Results: There were no significant changes in knee stiffness during gait and step activity after training. For the cross-over hop, increased peak knee flexion during landing (from 44 to 48 degrees, p=0.031) and increased internal knee extensor moment (1.28 to 1.55 Nm/kg, p=0.017) were seen after training, indicating reduced knee stiffness. The KOOS sport and recreation score improved from 70 to 77 (p=0.005) and was significantly correlated with the changes in knee flexion during landing for the cross-over hop (r=0.6, p=0.039).

Conclusions: Knee-specific training improved lower extremity kinetics and kinematics, indicating reduced knee stiffness during demanding hop activity. Self-reported sport and recreational function correlated positively with the biomechanical changes supporting a clinical importance of the findings. Further studies are needed to confirm these results in women and in other ACL injured populations. (Less)
Please use this url to cite or link to this publication:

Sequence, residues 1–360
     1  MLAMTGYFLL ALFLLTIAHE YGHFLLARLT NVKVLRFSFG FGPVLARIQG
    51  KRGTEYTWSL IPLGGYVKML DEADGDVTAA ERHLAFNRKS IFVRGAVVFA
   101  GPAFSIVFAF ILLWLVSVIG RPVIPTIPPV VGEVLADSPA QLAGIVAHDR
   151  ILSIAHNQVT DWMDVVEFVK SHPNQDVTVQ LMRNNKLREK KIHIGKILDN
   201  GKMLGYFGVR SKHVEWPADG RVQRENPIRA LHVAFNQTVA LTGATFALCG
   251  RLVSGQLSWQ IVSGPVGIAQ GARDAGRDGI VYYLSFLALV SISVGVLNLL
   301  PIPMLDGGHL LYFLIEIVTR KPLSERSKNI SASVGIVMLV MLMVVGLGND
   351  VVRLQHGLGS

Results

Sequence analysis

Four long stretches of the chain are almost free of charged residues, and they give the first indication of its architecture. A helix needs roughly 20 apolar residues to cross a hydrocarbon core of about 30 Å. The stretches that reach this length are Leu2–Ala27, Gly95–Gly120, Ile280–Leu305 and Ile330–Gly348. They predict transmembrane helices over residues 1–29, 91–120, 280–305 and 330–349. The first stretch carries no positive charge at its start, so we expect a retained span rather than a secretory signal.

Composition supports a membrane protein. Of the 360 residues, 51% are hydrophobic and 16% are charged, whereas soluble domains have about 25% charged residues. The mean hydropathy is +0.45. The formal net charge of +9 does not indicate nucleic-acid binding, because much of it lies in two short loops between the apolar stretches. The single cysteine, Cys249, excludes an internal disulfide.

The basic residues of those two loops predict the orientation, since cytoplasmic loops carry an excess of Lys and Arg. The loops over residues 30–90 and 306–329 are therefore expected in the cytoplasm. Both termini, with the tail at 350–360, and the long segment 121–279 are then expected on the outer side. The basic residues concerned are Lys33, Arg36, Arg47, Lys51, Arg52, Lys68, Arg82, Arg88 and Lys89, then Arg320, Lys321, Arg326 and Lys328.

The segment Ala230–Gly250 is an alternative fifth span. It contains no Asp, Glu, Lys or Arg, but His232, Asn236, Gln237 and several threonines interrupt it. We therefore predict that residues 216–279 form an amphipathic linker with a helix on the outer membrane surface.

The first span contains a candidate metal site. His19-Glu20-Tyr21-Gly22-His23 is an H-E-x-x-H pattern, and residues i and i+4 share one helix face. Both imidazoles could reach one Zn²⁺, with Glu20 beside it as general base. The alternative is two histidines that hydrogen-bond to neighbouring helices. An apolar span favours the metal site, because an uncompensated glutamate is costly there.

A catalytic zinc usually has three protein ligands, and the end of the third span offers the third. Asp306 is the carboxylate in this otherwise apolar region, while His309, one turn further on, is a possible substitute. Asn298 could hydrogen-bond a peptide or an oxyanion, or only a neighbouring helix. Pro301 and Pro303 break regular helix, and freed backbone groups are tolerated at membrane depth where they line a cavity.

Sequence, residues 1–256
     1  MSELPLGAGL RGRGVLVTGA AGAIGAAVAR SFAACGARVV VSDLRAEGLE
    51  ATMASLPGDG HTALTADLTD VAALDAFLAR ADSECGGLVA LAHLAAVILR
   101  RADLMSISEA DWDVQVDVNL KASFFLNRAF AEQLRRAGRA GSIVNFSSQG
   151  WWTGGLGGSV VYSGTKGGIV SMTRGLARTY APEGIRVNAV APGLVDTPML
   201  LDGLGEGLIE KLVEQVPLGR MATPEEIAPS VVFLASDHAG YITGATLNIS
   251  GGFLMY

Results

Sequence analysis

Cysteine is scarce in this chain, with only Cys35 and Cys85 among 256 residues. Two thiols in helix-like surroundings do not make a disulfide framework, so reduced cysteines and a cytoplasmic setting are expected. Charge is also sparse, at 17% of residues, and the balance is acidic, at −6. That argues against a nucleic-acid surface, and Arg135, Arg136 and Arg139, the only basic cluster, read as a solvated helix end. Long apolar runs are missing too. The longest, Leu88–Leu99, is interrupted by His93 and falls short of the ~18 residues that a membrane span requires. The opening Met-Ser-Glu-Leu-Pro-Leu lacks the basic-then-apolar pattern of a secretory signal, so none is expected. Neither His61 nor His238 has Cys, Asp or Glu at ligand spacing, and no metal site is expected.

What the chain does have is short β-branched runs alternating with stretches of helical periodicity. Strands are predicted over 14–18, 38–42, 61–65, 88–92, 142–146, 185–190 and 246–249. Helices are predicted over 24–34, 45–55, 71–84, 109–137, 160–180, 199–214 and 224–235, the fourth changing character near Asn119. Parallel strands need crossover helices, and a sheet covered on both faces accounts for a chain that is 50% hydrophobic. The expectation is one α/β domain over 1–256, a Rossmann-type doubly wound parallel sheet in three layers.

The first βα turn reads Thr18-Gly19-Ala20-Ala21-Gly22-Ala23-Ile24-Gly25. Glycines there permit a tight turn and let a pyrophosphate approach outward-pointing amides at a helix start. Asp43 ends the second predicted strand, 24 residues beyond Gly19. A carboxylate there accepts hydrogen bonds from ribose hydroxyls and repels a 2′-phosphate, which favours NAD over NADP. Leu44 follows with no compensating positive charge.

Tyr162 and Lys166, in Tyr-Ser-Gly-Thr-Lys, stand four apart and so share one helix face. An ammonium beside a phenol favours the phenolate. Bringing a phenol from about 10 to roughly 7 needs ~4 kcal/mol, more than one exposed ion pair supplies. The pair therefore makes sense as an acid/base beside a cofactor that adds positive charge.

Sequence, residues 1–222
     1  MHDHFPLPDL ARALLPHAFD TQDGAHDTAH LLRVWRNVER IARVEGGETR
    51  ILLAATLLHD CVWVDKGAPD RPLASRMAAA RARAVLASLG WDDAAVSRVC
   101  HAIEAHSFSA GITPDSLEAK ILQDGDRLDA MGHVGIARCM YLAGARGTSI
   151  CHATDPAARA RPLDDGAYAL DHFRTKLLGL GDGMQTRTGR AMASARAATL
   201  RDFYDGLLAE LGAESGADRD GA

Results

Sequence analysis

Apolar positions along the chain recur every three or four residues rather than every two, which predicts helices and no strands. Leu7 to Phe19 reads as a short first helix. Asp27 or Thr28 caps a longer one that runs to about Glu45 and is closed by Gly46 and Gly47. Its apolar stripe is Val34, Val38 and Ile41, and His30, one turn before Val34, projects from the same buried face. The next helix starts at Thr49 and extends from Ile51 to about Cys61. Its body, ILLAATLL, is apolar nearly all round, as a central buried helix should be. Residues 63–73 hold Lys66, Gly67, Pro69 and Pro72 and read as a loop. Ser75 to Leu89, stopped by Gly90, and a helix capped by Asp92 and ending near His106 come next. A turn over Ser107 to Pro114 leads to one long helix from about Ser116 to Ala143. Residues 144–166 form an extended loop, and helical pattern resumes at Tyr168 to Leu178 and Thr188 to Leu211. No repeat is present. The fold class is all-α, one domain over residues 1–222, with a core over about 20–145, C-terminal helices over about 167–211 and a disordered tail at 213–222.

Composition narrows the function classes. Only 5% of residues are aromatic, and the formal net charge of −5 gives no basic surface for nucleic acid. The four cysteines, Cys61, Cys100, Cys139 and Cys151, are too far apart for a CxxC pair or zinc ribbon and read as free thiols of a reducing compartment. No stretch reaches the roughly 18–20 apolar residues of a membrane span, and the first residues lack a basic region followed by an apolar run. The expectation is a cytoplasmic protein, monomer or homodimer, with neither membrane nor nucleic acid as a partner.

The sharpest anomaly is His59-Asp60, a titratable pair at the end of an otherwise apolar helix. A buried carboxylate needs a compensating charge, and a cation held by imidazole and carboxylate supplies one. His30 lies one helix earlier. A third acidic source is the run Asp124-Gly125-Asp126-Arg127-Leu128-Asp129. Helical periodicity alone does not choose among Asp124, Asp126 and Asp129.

author
organization
publishing date
type
Contribution to journal
publication status
published
subject
in
BMC Musculoskeletal Disorders
volume
8
publisher
BioMed Central
external identifiers
  • wos:000246385100001
  • scopus:34249732717
ISSN
1471-2474
DOI
10.1186/1471-2474-8-35
language
English
LU publication?
yes
id
19a8233f-c5fe-4e8c-bb5d-77ad6e7d31dc (old id 629771)
date added to LUP
2007-12-19 13:30:11
date last changed
2017-08-06 04:26:10
@article{19a8233f-c5fe-4e8c-bb5d-77ad6e7d31dc,
  abstract     = {Background: Training of neuromuscular control has become increasingly important and plays a major role in rehabilitation of subjects with an injury to the anterior cruciate ligament (ACL). Little is known, however, of the influence of this training on knee stiffness during loading. Increased knee stiffness occurs as a loading strategy of ACL-injured subjects and is associated with increased joint contact forces. Increased or altered joint loads contribute to the development of osteoarthritis. <br/><br>